Liquidambar Orientalis – Anatolian Amber Tree (Günlük)

Liquidambar Orientalis – Anatolian Amber Tree (Günlük)

Amber trees are members of the Hamamelidaceae family.  They are deciduous and grow in temperate climates.  They grow naturally in Turkey, Rhodes, Eastern Asia, South America and Mexico.  Liquidambar acalycina and liquidambar formosana which both come from the far east are unknown in Turkey.  Several varieties of liquidambar styraciflua, which originates in America and Mexico, have now been exported from Italy and can be found all over Europe and in Turkey.

Liquiambar orientalis ANATOLIAN AMBER TREE is popularly believed to only be found within Muğla province along the coastal strip.  This is not true and it can also be found, in the wild, in the provinces of Izmir, Antalya and Isparta.  Other than in Turkey, it can only be found in the northern areas of the island of Rhodes.  It is mostly found here in and around Marmaris, Köyceğiz and Fethiye.  In Isparta province, near to Sütcüler, there is a Protected Amber Forest.  According to the Forestry Commission this covers some 1,348 hectares.

On average the tree can reach a height of 15 – 20 metres with thick branches and a generous crown.  When first seen it resembles the oriental plane tree.  Closer inspection shows the bark is much thicker and has a cracked appearance.  Leaves, which generally have five lobes, are joined to the branches by long stems.  The fruits are 2 – 4cm. in diameter, round and contain many seeds.  The sap, or ‘balsam’, which can be extracted from the tree is used in the manufacture of cosmetics and medicines.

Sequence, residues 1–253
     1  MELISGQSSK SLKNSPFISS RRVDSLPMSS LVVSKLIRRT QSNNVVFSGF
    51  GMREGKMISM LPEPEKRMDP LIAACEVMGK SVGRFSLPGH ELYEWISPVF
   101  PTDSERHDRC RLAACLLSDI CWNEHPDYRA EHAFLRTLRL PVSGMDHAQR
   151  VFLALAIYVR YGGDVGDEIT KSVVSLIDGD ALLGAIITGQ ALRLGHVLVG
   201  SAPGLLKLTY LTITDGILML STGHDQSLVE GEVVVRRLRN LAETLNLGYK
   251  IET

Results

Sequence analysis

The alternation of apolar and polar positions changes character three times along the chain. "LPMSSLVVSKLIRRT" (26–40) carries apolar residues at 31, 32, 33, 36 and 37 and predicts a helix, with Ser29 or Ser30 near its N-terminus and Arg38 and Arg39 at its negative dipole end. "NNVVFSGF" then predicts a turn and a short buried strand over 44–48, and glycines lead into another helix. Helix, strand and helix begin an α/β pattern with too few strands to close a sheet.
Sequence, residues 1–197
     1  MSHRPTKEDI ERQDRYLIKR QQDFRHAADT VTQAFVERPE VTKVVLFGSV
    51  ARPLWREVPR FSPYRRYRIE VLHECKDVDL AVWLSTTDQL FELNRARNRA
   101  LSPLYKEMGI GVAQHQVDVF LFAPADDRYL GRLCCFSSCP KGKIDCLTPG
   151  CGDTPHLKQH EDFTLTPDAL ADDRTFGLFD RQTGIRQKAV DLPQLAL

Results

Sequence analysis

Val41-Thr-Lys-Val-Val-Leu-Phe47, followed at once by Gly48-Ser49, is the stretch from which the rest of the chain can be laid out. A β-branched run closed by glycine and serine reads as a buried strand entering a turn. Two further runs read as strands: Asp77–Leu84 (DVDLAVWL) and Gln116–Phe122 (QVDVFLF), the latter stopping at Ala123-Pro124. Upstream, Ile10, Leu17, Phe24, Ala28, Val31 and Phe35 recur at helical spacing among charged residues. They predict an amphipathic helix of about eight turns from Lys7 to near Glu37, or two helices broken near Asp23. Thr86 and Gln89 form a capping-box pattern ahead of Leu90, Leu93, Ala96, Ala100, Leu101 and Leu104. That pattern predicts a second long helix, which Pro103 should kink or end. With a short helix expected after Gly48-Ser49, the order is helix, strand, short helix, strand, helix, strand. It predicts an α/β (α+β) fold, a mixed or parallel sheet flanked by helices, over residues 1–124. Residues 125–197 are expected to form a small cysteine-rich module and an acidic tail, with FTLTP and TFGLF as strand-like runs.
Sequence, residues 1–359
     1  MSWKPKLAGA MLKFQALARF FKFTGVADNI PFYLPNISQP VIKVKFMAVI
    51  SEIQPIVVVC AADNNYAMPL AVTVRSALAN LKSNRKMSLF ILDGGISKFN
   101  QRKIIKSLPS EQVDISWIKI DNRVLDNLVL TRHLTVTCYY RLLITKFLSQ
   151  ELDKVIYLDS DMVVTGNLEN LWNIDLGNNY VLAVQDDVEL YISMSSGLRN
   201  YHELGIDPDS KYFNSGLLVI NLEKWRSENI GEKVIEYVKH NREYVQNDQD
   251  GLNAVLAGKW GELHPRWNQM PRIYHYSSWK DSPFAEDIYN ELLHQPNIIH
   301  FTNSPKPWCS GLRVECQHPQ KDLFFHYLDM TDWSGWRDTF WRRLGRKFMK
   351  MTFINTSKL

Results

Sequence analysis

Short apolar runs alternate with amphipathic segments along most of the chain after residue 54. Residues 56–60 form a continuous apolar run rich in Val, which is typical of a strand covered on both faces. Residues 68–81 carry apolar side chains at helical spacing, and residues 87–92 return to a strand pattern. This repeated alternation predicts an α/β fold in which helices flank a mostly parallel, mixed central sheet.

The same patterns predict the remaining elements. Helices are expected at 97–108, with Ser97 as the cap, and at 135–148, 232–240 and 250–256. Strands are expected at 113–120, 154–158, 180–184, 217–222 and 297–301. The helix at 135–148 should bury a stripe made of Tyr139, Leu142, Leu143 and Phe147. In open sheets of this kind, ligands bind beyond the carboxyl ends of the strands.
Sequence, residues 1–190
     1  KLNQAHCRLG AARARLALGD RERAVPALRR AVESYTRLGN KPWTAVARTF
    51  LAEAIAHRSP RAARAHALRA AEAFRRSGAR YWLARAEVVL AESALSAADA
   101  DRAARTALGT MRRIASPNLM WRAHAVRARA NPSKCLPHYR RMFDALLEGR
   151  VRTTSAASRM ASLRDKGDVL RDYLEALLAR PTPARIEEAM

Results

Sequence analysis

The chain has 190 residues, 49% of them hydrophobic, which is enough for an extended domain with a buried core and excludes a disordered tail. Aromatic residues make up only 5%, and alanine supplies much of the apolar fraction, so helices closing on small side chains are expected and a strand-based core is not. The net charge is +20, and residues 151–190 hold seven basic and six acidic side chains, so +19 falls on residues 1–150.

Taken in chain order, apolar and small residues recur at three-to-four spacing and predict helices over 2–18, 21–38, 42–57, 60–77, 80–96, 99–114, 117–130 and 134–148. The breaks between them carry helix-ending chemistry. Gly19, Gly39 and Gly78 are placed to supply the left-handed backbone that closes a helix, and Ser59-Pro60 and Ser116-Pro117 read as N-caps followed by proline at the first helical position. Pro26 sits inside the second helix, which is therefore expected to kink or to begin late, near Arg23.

‘Amber trees’ as they are known in many trees are called ‘Günlük’ trees in Turkish.  They are grown especially for their foliage which is bright green in spring and summer, then turns yellow, orange or red in autumn before the leaves drop.

The tree likes humus-rich soil, slightly acidic, but will grow in other types.  However, it must have lots of water and will not withstand extended drought.  It has even been known to grow with its roots in streams.  It is happy in full sun or part shade.  It is usually grown from seed but can also be propagated from cuttings.

In landscape design terms it looks good as a specimen tree, or one of a group, on any green sward.  Normally the lower branches are not pruned as this leads to a pleasing overall shape for the tree, but if the tree is being grown to provide shade then the lower branches should be pruned.

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